When Isabella Ibarra ’18 says she dreamed of becoming a teacher, she means that literally.
She was a freshman at Elmhurst College planning to study criminal justice when she had a dream that “I wasn’t doing what I was supposed to be doing,” and that she should become a teacher instead.
Now that Ibarra, of Oak Lawn, has been named a 2016 Golden Apple Scholar—the second honoree from Elmhurst College this year—she says that dream is coming true.
The Golden Apple Foundation, which develops and supports teacher excellence, especially in “schools of need,” honored 200 Illinois high school and college students this year, including Ibarra and fellow Elmhurst student Geoffrey Rozo. Ibarra, who already works part time as a preschool teacher in Chicago, will receive $5,000 in annual tuition support and be able to attend paid summer institutes. She also will receive mentoring from award-winning teachers, as well as post-college job placement assistance and support. In return, she has committed to teach for five years in schools with an economic or academic need.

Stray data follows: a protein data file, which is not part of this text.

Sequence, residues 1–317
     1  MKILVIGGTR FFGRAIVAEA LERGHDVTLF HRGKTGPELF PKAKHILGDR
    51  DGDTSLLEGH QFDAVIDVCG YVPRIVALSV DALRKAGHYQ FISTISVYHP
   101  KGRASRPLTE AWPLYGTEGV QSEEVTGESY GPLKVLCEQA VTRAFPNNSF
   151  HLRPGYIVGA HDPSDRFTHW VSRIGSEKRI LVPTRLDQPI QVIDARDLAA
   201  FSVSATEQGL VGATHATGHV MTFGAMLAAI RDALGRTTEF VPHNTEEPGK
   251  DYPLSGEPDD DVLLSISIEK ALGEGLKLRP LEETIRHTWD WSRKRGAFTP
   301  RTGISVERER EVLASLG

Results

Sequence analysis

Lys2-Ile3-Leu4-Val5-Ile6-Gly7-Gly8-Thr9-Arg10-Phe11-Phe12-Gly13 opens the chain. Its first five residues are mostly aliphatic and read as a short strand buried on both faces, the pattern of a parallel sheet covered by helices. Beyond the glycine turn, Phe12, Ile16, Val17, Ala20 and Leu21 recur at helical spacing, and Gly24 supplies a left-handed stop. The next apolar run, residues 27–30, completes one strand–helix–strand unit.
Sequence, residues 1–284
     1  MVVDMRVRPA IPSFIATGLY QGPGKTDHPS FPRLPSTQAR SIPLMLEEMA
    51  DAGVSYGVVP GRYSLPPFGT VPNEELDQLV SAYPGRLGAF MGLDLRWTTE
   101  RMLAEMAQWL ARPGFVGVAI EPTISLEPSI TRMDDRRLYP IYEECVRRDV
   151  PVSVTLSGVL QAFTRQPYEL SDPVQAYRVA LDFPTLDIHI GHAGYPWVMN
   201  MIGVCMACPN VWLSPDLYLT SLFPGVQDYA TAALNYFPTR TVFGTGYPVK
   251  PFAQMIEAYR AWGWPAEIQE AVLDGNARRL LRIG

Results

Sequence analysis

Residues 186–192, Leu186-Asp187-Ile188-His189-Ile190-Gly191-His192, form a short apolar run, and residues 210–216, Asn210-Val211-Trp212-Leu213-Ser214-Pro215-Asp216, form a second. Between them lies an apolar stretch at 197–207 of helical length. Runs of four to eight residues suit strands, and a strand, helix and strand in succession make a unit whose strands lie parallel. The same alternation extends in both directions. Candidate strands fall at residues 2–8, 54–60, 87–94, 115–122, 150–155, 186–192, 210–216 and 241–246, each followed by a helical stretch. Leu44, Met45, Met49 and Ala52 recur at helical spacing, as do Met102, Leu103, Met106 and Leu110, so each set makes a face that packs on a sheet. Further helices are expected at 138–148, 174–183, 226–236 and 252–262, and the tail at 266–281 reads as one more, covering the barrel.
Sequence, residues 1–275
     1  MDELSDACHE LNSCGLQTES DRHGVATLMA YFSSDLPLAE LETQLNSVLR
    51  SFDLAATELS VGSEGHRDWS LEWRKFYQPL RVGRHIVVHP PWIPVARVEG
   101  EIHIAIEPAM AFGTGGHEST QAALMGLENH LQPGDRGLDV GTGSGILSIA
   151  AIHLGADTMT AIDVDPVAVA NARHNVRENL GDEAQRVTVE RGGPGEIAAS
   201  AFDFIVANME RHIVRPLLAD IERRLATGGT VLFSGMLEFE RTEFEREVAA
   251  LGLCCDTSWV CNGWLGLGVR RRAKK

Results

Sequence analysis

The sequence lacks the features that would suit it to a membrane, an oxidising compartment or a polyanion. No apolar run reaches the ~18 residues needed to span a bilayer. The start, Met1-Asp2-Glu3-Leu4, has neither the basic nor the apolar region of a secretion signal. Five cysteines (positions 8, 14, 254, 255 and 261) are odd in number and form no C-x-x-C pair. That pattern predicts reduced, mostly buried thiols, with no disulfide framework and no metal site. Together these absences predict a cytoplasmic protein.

“I feel like I’m going into teaching to make a difference, so why not go into a program that really needs me most?” said Ibarra, who is preparing for a career in early elementary education. “I’m looking forward to whatever experiences are there for me.”
This summer, she is living at DePaul University and teaching summer school in the Chicago Public Schools.
Associate Professor Linda Dauksas, director of early childhood and special education at the College, describes Ibarra as someone with a passion to work with young children, particularly those with economic or social needs.
“You can’t teach empathy; that’s just something some people have,” she said, adding that Ibarra’s ability to relate to young children has made her a good fit for Elmhurst College’s education program, where students start working right away with children in actual classrooms, for an authentic learning experience.
Julie Gonzales, assistant director of the Education Enrichment Programs at Elmhurst’s Center for Professional Excellence, describes Ibarra as a “very intellectual free spirit” who worked with the resources at the CPE to figure out her avocation.
“I’m so happy to see her in education,” Gonzales said. “She really wants to do good things with her life.”